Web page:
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Acoustic Newb

A network of beginning acoustic guitar students for sharing discussion, encouragement, ideas, resources, and support as we begin the journey.

Members: 455
Latest Activity: Feb 17

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Comment by Dave Fengler on May 17, 2013 at 12:00pm

I've been a beginner on and off (mostly off) for 30 years but I've always loved chords.  I can play many open and barre chords but I haven't taken the time to put it all together to play much of anything.  I like to finger pick which will show up any poor fretting.  All I need is time and focus.  It would be easier if I could find someone local to play with.  Having 4 used Seagull guitars keeps me interested  I won't be quitting again, but I need to focus where I want to go. 

Keep on posting Phil!!!

Comment by Phil Manuel on May 17, 2013 at 10:45am

I know that some of my post are over the head or maybe more info than you want to know at this stage of you guitar journey.  So, I'm in the process of adding my info in another discussion "Chords and Examples - If you want to know", I'll post links to the updates here.  In that way, maybe the info wont take away from you enjoyment.  In the beginning, I always stress having fun, and keeping it simple.  As you progress, the other info may be of more value.

Thanks!

Comment by Phil Manuel on May 17, 2013 at 10:10am

Dave, yes it is.  Actually, I play the C normally and finish with a hammer on to the C/G.  So, it should be 2 strums there...

G - D/F# - Em - D - C - C/G

 

 

 

 

 

 

 

 

 

 

 

I do a hammer on and shift with my 2nd and 3rd fingers on the C/G, hammering on from the open D string to the E note D string 2nd fret, and shifting the fingering the 3rd finger from the 5th string C note to the 6th string G note on the 3rd fret, and finger the C note on the 5th string with my pinky.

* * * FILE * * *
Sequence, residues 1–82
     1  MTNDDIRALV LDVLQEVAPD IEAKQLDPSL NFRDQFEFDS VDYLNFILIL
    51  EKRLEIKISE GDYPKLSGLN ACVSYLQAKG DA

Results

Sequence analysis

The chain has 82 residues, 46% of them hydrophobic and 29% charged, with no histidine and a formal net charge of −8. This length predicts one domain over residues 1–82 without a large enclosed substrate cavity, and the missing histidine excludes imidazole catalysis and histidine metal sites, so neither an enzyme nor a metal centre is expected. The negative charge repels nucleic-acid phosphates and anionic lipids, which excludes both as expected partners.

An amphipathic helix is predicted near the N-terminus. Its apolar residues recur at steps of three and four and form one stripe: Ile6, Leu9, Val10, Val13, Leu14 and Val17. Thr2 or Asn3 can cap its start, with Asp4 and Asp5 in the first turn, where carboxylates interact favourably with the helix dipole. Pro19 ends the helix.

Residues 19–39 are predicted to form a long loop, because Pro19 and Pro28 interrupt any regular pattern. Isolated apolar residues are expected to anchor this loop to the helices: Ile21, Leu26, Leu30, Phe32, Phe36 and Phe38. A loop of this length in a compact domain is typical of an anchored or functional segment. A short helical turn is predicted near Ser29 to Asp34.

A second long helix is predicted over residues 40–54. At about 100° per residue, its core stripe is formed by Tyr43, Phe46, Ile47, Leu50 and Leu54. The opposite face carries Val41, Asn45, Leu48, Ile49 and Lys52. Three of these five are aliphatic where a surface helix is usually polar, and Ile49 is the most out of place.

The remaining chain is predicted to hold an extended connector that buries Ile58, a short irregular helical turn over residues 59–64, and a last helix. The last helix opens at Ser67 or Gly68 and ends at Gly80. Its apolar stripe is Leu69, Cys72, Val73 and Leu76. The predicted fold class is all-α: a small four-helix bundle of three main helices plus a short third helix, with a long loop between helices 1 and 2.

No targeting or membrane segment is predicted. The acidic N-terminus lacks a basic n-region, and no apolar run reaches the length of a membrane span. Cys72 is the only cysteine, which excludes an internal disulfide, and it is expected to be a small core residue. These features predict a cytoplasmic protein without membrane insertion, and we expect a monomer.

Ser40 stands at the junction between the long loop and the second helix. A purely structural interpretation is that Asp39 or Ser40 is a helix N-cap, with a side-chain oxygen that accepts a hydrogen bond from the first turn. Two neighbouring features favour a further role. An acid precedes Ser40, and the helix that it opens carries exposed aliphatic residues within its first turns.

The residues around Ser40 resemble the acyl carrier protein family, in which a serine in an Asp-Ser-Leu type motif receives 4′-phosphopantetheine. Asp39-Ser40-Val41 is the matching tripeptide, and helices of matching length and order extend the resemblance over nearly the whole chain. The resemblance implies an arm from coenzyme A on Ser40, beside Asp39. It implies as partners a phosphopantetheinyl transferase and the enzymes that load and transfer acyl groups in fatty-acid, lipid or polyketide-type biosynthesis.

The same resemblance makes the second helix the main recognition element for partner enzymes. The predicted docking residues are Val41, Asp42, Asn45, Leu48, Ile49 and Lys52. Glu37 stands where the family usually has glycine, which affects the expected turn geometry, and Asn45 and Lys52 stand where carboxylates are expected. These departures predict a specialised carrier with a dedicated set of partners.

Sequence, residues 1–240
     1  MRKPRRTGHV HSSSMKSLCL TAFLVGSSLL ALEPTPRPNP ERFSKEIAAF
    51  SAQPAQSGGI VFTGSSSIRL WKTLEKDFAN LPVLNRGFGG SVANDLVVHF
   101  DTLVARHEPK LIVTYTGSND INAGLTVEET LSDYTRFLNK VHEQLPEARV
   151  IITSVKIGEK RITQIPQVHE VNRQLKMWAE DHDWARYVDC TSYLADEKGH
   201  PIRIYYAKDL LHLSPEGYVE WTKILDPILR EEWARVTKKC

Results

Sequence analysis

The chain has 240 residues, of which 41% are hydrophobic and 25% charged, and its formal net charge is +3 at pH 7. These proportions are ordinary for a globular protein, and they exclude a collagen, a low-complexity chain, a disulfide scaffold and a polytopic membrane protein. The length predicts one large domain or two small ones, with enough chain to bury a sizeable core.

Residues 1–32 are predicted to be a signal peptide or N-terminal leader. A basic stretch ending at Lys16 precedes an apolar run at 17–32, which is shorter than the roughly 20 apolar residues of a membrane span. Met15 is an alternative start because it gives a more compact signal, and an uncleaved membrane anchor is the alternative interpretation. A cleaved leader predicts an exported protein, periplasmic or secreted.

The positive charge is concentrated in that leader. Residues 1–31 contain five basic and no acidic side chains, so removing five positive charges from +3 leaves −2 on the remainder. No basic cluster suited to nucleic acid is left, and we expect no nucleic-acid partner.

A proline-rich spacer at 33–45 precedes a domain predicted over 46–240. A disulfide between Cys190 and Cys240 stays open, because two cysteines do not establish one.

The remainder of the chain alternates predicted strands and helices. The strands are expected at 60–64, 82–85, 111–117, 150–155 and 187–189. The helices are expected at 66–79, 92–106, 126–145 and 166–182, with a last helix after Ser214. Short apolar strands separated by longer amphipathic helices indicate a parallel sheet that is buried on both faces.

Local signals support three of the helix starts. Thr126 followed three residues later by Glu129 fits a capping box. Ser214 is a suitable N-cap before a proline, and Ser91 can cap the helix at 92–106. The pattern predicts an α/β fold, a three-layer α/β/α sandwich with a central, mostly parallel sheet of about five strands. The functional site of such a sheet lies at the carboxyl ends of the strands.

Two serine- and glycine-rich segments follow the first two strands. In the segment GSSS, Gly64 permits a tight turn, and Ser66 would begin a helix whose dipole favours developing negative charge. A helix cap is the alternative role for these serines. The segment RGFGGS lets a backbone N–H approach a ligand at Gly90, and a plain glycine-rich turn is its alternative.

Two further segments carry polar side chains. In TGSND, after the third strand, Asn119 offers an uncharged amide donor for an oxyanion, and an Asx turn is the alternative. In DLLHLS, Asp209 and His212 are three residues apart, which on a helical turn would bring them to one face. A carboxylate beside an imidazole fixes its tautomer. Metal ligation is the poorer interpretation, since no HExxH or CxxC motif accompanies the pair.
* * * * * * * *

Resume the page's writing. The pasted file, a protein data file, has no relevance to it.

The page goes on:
I know it sounds more complicated than it is, trust me.  You can get by with splitting into 2 strums, as I said.  Though, if you really want to know, I can post a vid illustrating the movement this weekend. ;-)

Comment by Dave Fengler on May 17, 2013 at 9:51am

Phil - The last chord in your song, C/G, is that the normal open C with the G added on the 6th string?

Comment by Ken Rhodes on May 17, 2013 at 9:43am

@Walt, a "cheat" that I'm kind of fond of for the D/F# is to use my second finger onthe 3rd string and use my first finger on the 6th string. Then I either mute the 1st string with the backside of my third finger, or I use my pinkie to play the sus4 on the 1st string. On a song like "The Weight", where the G is such a strong dominant chord, that sus4 really adds.

Comment by FloridaGull on May 17, 2013 at 8:50am

Let's put all the "D"'s together:

 

 

 

 

 

 

 

 

 

 

 

Comment by Walt Pilcher on May 17, 2013 at 7:37am

Thanks, Phil.  I will try that later today.

Comment by Phil Manuel on May 17, 2013 at 7:10am

@Walt - here's my "cheat" tip - for the D/F#, I usually, play it using just the 6th, 4th, 3rd, and 2nd string, muting the others when strumming. Playing fingerstyle, I can just play those strings.  Not playing  the high F# on the 1st string, gives my little hands some  relief to use my thumb, by slightly altering my hand's angle when grabbing that chord.  Also, the 3rd in the bass is a common voicing (inversion) heard in a lot of songs.

A typical usage example... The Band's ""The Weight", on the chorus

 

G           D/F#       C/G

Take a load off, Fanny

G           D/F#       C/G

Take  a load   for free

G           D/F#       C/G

Take a load off, Fanny

(No Chord)                                  put the load

And, and, and - you put the load                  put the load right on me

 

G - D/F# - Em - D - C/G

 

to the verse G

 

Now, try that a few times.  The thing I like about using that chord progression is the bass movement from G to C.  When you play w/o a bass player using this kind of device adds a bit more color and fills in the sound - at least IMHO. ;-)

Comment by Walt Pilcher on May 17, 2013 at 6:20am

William Jahnkow, welcome to the group.  It's always great to have experienced players here.  We hope you find it fun.

Comment by Walt Pilcher on May 16, 2013 at 1:45pm

Welcome to the Newb group, Kenneth Lee Eyre.  We hope you find the discussions and comments helpful, and fun!

 

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